Opposition Party Demands Vote Recounts

Phnom Penh election committee officials refused to accept voting and ballot complaints Tues­day, one of many problems that spurred the Sam Rainsy Party to demand a recount in the capital and three provinces, party officials and political observers said Wednesday.

Funcinpec and Sam Rainsy Party agents and some monitoring groups slammed the National Election Committee, as well as commune and provincial election committees, for not acknowledging complaints and miscounting several thousand votes throughout the country.

Officials at the Phnom Penh committee office refused to take 11 complaints offered by Funcin­pec agents Tuesday, claiming the complaints should be registered after preliminary election results are aired Aug 8, said Funcinpec agent Mak Vann on Wednesday.

Party agents were required to lodge all commune- and province-level complaints regarding ballots and voting procedures by Wednesday. The NEC is scheduled to review all unsolved complaints by Saturday.

One committee official said he would not accept the complaints because they were “wrong,” Cam­bodian Center for Human Rights adviser Andrew Thornley said.

“We’re very concerned. This is an absolute repeat of five years ago,” Thornley said. “Clearly [the complaint process] is not working or there’s an effort not to make it work.”

Phnom Penh election committee officials accepted complaints Wednesday after receiving pressure from international election observers, Mak Vann said.

The Sam Rainsy Party is calling for a recount or re-vote in Phnom Penh, Kompong Thom province, Banteay Meanchey province and Svay Rieng province due to voting irregularities, said Sam Rainsy Party spokesman Ung Bun-Ang.

The opposition party’s voting tally in Svay Rieng province differs from numbers released by the NEC, he said. Sam Rainsy Party agents recorded 140,075 votes for the CPP, while the NEC reported 142,405 votes. Opposition party figures indicate the Sam Rainsy Party earned 35,507 votes, but the NEC said it got 35,456.

“We’re demanding a recount, and if the results are crooked, we’ll demand a re-vote,” Ung Bun-Ang said.

Funcinpec’s legal department currently is investigating a surplus of ballots discovered at Kompong Cham polling stations the day after elections, said Funcinpec co-Min­ister of Interior You Hockry.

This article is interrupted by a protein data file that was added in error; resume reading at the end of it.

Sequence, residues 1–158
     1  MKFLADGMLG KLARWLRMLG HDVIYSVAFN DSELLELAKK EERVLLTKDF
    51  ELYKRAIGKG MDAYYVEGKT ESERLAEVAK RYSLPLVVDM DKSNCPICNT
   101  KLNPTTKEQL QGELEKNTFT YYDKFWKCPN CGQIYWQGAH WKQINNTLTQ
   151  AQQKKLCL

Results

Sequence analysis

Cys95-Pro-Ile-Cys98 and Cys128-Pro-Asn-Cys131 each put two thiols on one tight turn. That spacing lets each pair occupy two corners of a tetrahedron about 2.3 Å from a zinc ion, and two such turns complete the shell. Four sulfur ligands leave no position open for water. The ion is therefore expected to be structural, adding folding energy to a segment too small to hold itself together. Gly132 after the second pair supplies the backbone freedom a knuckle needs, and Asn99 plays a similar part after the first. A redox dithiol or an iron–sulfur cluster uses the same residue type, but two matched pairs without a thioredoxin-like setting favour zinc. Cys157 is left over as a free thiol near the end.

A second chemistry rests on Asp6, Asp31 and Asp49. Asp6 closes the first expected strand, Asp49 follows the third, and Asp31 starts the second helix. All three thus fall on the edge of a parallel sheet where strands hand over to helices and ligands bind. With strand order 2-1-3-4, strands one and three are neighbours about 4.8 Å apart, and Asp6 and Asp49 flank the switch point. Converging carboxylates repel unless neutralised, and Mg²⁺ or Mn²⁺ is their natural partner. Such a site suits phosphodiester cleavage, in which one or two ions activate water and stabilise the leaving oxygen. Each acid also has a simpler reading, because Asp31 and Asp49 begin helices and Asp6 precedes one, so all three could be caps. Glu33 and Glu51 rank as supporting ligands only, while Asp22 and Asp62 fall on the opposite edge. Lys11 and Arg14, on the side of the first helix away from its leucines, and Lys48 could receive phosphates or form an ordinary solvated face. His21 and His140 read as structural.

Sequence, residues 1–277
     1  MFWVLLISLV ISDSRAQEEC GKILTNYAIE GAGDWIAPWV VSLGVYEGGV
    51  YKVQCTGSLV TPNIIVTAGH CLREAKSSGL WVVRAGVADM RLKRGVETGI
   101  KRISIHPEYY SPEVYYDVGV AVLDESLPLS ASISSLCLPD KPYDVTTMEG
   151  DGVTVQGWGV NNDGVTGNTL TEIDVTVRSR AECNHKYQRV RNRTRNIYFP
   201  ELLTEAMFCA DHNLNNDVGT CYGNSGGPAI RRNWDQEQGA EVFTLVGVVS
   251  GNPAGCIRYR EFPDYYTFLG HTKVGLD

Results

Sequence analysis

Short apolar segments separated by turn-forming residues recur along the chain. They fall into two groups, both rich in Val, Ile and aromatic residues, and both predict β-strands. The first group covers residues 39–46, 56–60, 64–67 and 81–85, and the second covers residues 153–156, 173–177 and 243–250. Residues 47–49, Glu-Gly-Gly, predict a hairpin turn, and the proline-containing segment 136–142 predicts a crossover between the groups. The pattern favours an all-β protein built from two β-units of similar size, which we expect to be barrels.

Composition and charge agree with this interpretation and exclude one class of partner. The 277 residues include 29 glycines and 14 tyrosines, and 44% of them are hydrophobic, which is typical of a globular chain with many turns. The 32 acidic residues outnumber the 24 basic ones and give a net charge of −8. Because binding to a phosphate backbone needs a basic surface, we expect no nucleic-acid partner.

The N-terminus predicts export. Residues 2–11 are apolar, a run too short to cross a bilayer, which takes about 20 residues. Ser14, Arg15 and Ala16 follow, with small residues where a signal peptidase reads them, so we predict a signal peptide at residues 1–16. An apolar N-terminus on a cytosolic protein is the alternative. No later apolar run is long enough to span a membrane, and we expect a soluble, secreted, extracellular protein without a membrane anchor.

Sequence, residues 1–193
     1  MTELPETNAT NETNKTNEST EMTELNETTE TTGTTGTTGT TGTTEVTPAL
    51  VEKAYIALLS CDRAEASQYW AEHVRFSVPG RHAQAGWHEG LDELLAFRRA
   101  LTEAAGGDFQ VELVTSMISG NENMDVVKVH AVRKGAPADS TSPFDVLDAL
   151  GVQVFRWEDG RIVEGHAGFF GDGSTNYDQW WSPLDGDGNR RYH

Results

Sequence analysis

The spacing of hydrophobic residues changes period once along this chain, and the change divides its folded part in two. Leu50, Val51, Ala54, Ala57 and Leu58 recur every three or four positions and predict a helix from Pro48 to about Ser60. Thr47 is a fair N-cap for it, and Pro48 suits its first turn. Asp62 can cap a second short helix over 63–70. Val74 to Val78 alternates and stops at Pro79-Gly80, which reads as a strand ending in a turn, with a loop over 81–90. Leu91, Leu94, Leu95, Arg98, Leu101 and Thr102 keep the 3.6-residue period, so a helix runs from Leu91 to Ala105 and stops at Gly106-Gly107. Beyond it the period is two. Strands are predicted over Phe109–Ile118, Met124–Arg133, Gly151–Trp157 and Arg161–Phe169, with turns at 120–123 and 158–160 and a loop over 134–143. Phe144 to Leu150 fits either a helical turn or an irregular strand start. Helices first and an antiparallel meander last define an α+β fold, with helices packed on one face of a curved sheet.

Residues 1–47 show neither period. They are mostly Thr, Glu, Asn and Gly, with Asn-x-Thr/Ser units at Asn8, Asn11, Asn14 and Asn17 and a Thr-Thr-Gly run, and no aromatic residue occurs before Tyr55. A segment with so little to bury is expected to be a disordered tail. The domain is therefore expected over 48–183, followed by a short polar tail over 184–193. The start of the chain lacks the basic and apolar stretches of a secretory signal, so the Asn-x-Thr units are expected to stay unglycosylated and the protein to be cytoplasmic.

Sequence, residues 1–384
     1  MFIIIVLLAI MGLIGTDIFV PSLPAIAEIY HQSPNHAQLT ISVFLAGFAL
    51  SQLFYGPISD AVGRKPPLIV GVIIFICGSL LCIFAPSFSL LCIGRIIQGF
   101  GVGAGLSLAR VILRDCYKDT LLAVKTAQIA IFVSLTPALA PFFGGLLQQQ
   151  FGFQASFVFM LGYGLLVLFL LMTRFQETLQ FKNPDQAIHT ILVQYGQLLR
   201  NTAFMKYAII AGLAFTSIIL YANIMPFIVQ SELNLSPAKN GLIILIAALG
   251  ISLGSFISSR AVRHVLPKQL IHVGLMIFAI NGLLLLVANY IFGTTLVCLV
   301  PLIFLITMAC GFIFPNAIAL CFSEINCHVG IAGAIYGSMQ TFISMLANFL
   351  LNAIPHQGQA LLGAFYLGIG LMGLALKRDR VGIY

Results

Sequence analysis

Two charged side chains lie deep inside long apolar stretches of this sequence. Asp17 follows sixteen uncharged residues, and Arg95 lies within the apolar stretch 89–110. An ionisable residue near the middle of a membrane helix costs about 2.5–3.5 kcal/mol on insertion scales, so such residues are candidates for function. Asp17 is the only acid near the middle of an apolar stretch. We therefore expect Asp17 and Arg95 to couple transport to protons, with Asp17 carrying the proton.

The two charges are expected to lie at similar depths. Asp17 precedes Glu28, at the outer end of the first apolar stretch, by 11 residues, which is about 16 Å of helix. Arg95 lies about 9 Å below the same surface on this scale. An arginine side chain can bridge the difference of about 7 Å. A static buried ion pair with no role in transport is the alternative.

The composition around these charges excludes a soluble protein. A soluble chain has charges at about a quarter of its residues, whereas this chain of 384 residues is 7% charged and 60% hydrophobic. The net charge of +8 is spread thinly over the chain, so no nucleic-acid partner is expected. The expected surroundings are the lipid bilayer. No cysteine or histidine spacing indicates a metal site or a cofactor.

“At some stations, there were more ballots on the 28th than were counted on the 27th,” he said, adding that he will not demand a re-vote until the investigation is completed.

The complaint process regarding ballots is complicated and leng­thy, causing many party agents to incorrectly fill out complaint forms or not file them at all, said Inter­national Republican Institute agent trainer Mary Schwarz.

One form for complaints or ob­jections is used to record concerns before, during and after the election. Agents must fill out four forms exactly the same and must distinguish between complaints and objections, Schwarz said.

A complaint concerns something that would affect the number of votes counted, while an objection considers offenses like intimidation and vote buying. Com­plaints must be resolved by the NEC by Saturday, while objections will be reviewed even after election results are announced.

The Committee for Free and Fair Elections, which has stated its concern over whether the NEC is politically neutral and whether it has the ability to fairly resolve complaints, currently is gathering information from throughout the country to be entered into a national database.

If Comfrel records voting irregularities at more than 50 percent of a province’s polling stations, it will demand a recount in that province, Comfrel Director Koul Panha said. All data should be entered into a system by Aug 5, but transportation and communication problems may delay the results, he said.

“We just hope the NEC will wait to announce the results until we are finished,” he said.


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